Ask Questions

Always ask questions. Never stop.

Questions are the key to growth, to discovery and progression.

How do you freeze action? How do you keep everything sharp in a photo of mountains? How do you tre flip crook a handrail? How do you sellout Madison Square Garden in 10 minutes? How do you calm a scattered mind? How do you live in the present? How do you travel the world for 5 years and not pay rent/sign a lease? How do you love someone more than yourself? How do you be happy?

What excites you, fascinates you?

But most importantly, “What would it be like to travel on a beam of light?”

Don’t just ask questions, ask great ones.

Find people that can help you answer them, and try to help them answer THEIR questions. We’re all just trying to figure this out, so be helpful.

Ask, and then chase the answers.

Have fun.

Composition: Focal Length

Another technical aspect to composition is focal length.

In skateboarding, the staple focal length is somewhere between 8-16mm. Wow that’s really wide, what lens is that?

A fisheye. The lens non-skateboarders and photographers who don’t skate freak out about. “It’s cheesy, it’s too distorted, it’s cliche.”

As long as people have been pushing their skateboards, the filmers and photographers documenting them have used fisheyes.

I think it’s an act of bashing authority. Another symbol from skateboarding that shows it doesn’t care about adhering to the standards of other lifestyles.

The lens makes everything look bigger, radder, sicker, gnarlier, and sketchy-er. Perfect for what photographers and filmers are trying to do with skateboarding.

I’ll go into the use of a fisheye in another post.

Back to overall photography. If 8-16mm is a super wide angle-of-view fisheye, what’s everything from 20-85mm? That would be your moderate wide angles, through standard primes, to moderate telephoto. From 85 up to 500, 600, 47500mm, is a telephoto lens.

What effect do different focal lengths have on your composing of a photograph? With a long lens, objects can be more compressed together, and you tend to have less depth of field than a shorter/wider lens. With a shorter lens, objects are more spread out, and have more depth of field.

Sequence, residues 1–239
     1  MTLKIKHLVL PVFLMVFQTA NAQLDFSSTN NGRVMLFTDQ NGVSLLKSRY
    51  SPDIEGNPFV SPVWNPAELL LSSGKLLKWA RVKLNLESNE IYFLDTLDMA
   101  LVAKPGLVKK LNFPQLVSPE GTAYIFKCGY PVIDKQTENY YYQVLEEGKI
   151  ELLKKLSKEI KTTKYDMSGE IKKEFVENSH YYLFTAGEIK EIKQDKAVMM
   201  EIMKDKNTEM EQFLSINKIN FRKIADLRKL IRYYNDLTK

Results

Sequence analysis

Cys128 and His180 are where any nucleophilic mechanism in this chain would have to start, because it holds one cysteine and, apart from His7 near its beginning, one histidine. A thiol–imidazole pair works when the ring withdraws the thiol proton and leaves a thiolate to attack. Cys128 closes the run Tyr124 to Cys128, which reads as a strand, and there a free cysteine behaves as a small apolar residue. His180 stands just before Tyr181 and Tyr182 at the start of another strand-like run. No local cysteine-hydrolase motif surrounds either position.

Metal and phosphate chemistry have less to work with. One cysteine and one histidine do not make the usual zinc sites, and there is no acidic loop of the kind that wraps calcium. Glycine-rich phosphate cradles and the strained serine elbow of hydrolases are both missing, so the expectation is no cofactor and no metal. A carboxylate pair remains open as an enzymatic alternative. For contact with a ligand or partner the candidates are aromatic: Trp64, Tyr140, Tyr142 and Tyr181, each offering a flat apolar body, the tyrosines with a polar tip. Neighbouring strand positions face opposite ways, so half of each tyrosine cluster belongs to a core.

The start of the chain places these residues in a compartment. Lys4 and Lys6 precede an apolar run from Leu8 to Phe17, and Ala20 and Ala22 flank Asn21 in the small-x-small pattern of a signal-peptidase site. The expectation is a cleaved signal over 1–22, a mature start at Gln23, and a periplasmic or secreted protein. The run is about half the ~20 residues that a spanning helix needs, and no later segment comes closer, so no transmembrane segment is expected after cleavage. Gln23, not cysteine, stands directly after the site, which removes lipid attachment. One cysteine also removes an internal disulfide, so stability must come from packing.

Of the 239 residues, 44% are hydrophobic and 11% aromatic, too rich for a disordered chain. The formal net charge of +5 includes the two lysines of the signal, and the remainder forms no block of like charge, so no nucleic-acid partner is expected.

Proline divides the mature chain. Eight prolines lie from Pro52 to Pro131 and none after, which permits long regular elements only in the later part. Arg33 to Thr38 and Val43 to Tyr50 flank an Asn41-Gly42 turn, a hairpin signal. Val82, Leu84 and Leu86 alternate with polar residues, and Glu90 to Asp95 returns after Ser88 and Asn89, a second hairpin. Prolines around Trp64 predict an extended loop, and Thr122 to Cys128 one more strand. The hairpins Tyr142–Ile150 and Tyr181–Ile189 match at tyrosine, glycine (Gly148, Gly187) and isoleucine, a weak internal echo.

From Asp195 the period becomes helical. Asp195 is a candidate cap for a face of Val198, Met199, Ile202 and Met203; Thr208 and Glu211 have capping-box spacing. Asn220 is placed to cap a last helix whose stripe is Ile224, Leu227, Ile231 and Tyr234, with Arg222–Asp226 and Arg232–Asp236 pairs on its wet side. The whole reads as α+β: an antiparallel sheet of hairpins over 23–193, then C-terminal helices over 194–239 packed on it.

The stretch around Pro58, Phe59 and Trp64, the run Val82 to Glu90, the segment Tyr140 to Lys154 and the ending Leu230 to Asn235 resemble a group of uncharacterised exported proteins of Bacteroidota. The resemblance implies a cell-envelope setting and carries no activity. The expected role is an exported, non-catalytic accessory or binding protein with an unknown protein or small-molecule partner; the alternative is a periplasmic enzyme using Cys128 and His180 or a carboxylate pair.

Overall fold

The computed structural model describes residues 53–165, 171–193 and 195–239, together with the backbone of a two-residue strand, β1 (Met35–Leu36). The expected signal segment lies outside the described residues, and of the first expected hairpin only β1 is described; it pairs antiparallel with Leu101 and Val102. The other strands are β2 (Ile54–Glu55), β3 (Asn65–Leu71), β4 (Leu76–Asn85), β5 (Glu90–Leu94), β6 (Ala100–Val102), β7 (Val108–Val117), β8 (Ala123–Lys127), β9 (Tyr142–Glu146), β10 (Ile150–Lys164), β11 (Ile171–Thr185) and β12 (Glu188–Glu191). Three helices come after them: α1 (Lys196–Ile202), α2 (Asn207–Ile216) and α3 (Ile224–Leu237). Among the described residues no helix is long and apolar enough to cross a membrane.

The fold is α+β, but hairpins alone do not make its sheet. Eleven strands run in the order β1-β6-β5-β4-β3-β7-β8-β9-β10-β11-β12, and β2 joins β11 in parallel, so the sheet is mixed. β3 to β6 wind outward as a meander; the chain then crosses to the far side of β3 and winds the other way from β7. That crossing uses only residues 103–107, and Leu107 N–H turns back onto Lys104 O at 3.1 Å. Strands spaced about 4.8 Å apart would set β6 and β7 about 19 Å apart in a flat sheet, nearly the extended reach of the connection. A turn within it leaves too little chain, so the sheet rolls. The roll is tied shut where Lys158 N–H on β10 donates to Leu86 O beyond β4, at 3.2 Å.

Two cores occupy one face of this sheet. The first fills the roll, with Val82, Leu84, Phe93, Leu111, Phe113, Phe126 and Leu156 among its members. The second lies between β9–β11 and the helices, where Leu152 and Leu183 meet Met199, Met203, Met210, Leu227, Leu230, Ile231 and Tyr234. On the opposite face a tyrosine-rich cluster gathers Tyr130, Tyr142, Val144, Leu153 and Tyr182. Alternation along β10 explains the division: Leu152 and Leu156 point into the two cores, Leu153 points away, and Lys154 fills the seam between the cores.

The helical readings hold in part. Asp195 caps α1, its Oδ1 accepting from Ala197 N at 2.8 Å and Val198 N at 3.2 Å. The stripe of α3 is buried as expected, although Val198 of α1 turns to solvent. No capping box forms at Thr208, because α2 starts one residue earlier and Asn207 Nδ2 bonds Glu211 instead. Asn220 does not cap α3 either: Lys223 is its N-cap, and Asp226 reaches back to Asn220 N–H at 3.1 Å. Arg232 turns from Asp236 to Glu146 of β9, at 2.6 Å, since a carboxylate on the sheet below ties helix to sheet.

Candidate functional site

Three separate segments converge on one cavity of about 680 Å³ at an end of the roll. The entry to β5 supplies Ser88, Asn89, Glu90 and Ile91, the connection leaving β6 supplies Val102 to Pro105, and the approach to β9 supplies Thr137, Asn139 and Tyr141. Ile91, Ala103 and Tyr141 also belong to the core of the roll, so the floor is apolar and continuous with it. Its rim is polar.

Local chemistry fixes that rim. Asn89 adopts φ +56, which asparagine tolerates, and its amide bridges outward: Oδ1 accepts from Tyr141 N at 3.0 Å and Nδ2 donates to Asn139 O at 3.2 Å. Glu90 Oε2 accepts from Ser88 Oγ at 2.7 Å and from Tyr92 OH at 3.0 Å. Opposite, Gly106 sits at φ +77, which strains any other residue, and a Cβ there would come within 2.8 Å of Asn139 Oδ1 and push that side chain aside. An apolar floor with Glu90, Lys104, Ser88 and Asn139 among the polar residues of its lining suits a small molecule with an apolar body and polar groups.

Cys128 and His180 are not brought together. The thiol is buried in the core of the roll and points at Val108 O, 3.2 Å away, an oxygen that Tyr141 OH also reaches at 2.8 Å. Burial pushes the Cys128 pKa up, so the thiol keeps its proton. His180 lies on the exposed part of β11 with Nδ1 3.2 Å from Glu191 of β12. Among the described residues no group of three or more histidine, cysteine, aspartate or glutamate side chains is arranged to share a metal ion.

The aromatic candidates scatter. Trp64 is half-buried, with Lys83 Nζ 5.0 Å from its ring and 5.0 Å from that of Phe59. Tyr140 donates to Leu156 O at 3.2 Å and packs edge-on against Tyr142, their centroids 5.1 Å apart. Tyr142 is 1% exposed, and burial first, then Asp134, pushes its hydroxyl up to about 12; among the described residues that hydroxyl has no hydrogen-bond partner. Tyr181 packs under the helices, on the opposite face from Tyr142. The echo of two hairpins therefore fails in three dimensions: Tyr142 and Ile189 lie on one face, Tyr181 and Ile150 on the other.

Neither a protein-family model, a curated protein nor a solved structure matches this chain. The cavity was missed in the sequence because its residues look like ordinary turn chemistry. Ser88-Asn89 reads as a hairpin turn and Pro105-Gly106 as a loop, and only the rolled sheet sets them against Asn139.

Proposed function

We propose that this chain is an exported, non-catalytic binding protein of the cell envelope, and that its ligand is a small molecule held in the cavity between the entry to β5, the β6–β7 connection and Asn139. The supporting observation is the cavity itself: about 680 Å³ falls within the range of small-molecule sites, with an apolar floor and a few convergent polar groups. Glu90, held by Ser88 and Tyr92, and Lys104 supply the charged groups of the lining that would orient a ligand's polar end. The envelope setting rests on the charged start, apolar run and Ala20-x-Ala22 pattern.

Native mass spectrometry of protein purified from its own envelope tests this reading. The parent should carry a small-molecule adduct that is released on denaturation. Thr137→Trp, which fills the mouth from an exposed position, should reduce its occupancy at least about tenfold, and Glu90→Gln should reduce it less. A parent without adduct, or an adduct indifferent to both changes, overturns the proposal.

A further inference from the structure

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With this shot of Leo Martinez popping a tall switch flip off the ledges at Peace Wall, I decided to shoot with a 70-200mm lens, with it set at 200mm, in order to separate Leo from the busy background. The depth of field is very shallow, and the difference in light qualities between him and the background helps too.

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I was inside editing when I heard a ruckus outside. There was an iguana chilling out on the windowsill. 200mm at f/4 was sufficient to set him apart in the frame.

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In this photo, I was set to a focal length of 17mm. This made the tiles in front of me stretch out, and the mountains in the background look more distant.

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I then switched to a focal length of 200mm, and framed just the tiled rooftop and three separate ridges. The longer focal length compressed the distance, making the objects seem closer together.

The next post will be a surprise, stay tuned!

Composition: Contrast and Tone

Quiet. Reverential. Contemplative.

If you are going for a feeling like the above with a photograph, the below characteristics will do well:

Soft light
Gray tones
Pastel colors
Curved lines
Rounded forms
Subdued contrast

Loud. Quick. Excitement. Spontaneity. Punch.

With these feelings, the below characteristics will do you well:

Hard light
Black blacks and white whites
Vibrant colors.
Angled lines.
Edged forms
Unrestrained contrast.

Be careful, as heavy contrast is easily overdone. Be sure to check in and feel the emotion you are trying to conveying in a photograph. Some do better with more contrast, some do better with less.

 

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Up near the Fire Trails in Berkeley, I started on a mission to Orinda BART. I don’t know if I’ve been anywhere quieter in the Bay, so I wanted to show that, along with the fog that was sweeping through. Very low contrast between the tree branches created the quiet, mystical, and simple feeling I was going for.

 

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This tide pool in a pocket of ironshore beach was created by a storm that you can see is leaving. I wanted to show the reflection of the stormy sky, the sharp edges of the rocks, so I increased the contrast for more punch and excitement.